Congress eyes virtual sessions
Congress plans to hold virtual sessions after a seven-week break to tackle the coronavirus crisis and other issues.
Both the House of Representatives and the Senate are getting ready to conduct virtual sessions once they resume on Monday, with the lower chamber already releasing guidelines ahead of the May 4 session.
Under the House guidelines, only 25 lawmakers — selected by the Majority and Minority Floor Leaders — will be allowed to be physically present at the session hall, while the rest will participate through video conference.
Video conferencing will also be how House lawmakers will conduct committee hearings, technical working group and administrative meetings, political caucuses and press conferences.
The Senate, meanwhile, has yet to adopt rules that would allow its members to attend sessions and hearings virtually, so Senate President Vicente “Tito” Sotto III is still instructing all senators to be physically present during Monday’s session, where they are expected to pass a resolution amending their rules.
Sotto is also bent on being physically present at the session hall until Congress adjourns sine die on June 5, saying that there are procedures during sessions that cannot be done through teleconferencing.
Congress reopens with a full plate of bills awaiting action, with lawmakers eyeing the possibility of crafting a supplemental budget to add more funds to the government’s COVID-19 response.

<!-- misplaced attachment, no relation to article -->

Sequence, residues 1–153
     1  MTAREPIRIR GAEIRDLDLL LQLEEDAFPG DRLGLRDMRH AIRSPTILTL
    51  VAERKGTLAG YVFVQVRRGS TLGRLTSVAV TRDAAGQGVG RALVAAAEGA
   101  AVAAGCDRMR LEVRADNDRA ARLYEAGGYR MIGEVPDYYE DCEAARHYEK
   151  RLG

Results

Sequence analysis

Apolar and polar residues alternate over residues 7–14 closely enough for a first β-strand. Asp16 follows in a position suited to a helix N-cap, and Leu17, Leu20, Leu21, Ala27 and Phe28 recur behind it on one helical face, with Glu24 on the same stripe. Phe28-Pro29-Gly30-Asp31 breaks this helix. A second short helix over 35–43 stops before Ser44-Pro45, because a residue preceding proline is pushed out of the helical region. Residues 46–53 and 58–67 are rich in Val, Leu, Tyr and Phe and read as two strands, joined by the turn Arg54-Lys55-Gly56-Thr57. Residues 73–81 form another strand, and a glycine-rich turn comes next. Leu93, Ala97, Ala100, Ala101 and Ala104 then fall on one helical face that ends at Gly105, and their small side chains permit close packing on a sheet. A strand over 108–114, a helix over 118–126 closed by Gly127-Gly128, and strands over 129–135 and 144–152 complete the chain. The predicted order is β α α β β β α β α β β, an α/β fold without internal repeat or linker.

Economic officials have said that funds are running low for response measures, with Budget Secretary Wendel Avisado saying that the government has spent P 352 billion of the P 397 billion funds freed up to address the outbreak as of last week.
House Speaker Alan Peter Cayetano told CNN Philippines’ The Source that the chamber is also considering adjustments to the 2021 budget, which by law must be submitted to them between July and August, to see if they can tweak provisions if further aid for coronavirus relief and recovery is needed.
Meanwhile, in the Senate, Sotto said in a radio interview on Sunday that they will tackle Corporate Income Tax and Incentives Rationalization Act, which he expects to ease the burden on the executive department’s quest for more funding.
He also said in a radio interview on Sunday that they would prioritize passing measures that would keep the executive department from implementing policies which may be illegal, such as adjusting the opening of the school year from June.
“Kailangan amyendahan kaagad namin ‘yun, gawin naming September or … to any month the President so desires in case of national emergencies,” he said over radio dzBB.
[Translation: We need to amend that by changing it to September or … to any month the President so desires in case of national emergencies.]
The proposed “new normal” bill, which House Speaker Alan Peter Cayetano and fellow lawmakers sponsored, will also be on the agenda in the lower chamber. The measure gives permanence to rules on the wearing of face masks as well as observing proper hygiene, hand washing, and physical distancing, among others.
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